Visions of smiling village people (the photo below the exception) going about their daily chores were quickly banished as the dirt road led us into the human giraffe zoo. Long-neck ladies stood behind make-shift bamboo stalls in front of their huts, reciting rehearsed English sales verses “special price, hand made scarf” etc. I got a token tourist photo, and we made a purchase from the hand craft stall, as that is the only money they will actually get.

The village was not made up to look fake or beautified for the tourist, it was basic bamboo huts, rubbish lying around, it was how they lived. After all no matter what way you look at it, it’s a refugee camp.

After spending 20 minutes there we walked back up the dirt road, all feeling ripped off, sadden, empty, but more so disgusted at the exploitation.

The question that filled my head was, “are we as tourists helping the long neck people or simply aiding in the exploitation of the long neck people?” As I mentioned before, the long neck people are Burmese refugees escaping ethnic cleansing in a country where 40% of GDP is spent on the military and a mere 1% spent on both education and health!

By us as tourists wanting to see long neck people and get a token photo to show people back home, we have given them an opportunity to get away from a grim Burmese existence. But you have to ask yourself, it must be a pretty dam grim existence back in Burma if living in a village on the Thai border and basically treated like zoo animals is a better way of life.

No matter what way you look at it, it is exploitation. The Thai officials that profit from the human zoo are taking advantage of an ethnic minority’s vulnerability.

I hope this helps those backpackers reading this and wondering whether to go on a long neck tour. Now you know what to expect. But hey, what do you do? The long neck people depend upon the tourists buying their hand crafts to survive, but they are being grossly exploited, you decide, I still don’t know, all I know is that it’s bloody sad.

OK, this is far too long and most people may not have got this far, but it you have I will leave you with a quote, I can’t remember where I heard it, but it fits nicely into the theme of this post:

“The world will only know peace when the power of love outweighs the love of power.

An idyllic waterfall and a dead body

1 Jun

Another Thailand road trip has come to an end. The mini beast, a temperamental 4 door Suzuki Vitara was our carriage in our crusade for adventure. Jihee, Jeff, Mandy and myself made up team adventure.

We left the city of Chiang Mai headed for the mountains and Jungle of North Thailand. After winding our way up and down the steep roads surrounded by lush green rainforest we arrived at Pai. A small town nestled in the valley with a large expat artist community and a live music scene to rival ………………………..well, a place with a real good music scene I suppose.

Pai was our base as we set off in search of hill tribe villages, hot springs and waterfalls. With most good adventures we basically just got lost on roads that didn’t seem to appear on our maps. We managed to come across more muddy waterfalls, boiling hot springs that would cook a chicken in 5 minutes – yes there were some girly screams let out accidently hopping into it- and villages that weren’t that surprised to see a bunch of whities. But it was awesome just cruising with the windows down, the sun beating down, green grass, following a narrow road that every now and then would bring us face to face with a truck full of smiling contented peasant workers.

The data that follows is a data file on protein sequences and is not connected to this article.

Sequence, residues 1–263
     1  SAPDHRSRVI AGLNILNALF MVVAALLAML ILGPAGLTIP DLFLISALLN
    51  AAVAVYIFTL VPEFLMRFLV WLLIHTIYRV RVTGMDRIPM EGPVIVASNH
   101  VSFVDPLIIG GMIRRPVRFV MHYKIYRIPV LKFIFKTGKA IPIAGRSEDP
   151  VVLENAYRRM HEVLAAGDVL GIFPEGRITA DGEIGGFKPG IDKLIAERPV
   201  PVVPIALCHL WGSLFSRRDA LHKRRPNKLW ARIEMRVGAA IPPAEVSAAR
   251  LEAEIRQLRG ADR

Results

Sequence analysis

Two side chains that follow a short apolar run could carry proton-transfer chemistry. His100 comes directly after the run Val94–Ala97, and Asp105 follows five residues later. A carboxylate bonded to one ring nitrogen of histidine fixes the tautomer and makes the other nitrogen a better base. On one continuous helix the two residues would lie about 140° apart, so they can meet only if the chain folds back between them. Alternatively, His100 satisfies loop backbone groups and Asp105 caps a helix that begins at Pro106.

After feasting on the hippy inspired cuisine of Pai for a couple days it was onto Mae Hong Son, another mountain town famous for the long neck tribes. Instead of going on a tour to a long-neck village we made the short journey north to the Burmese border to check it out ourselves. One word sums this experience up, exploitation, but I hope to write a blog post on this in the days to come. Anyway we got the token photo which they expect, hopped back into the mini beast and went in search of yet another waterfall.

And find a waterfall we did! It wasn’t really the waterfall that made us feel like a 4 year kid sitting on Santa Claus knee for the first time, but rather the 5 metre deep rock surrounded clear swimming hole that the waterfall ran into. The best part was that we had it all to ourselves. We spent hours there, diving, flipping, and rock climbing, just enjoying the serenity, the feeling of “wow, this is awesome”. Thank you to that waterfall, as I was beginning to think that Thailand’s idea of waterfalls was sewerage coloured water dribbling into a puddle – OK I realise I’m a waterfall snob coming from New Zealand- but thumbs up to that waterfall.

So after more driving on winding roads that pettier out into narrow impassable gardens (see photo below) and car loads of smiling Thai school kids, it was time to get back to Chaing Mai to drop off the car.

On the last leg of the journey the heavens unleashed on us, the main highway into Chiang Mai was like an elongated lake. Curtains of water closed over the windscreen as we hydroplaned over the lake surface. A flashing baton up ahead signalled for us to slow down. As we passed the baton waving officer, just 2 metres from us lay the limp uncovered dead body of a young lady who I believe was the driver of the scooter that rested under the chassis of the pick-up truck.

Seeing that made us think, someone’s world was about to be turned upside down with a knock at the door. Someone’s mother, wife, sister wasn’t coming home. We slowed down.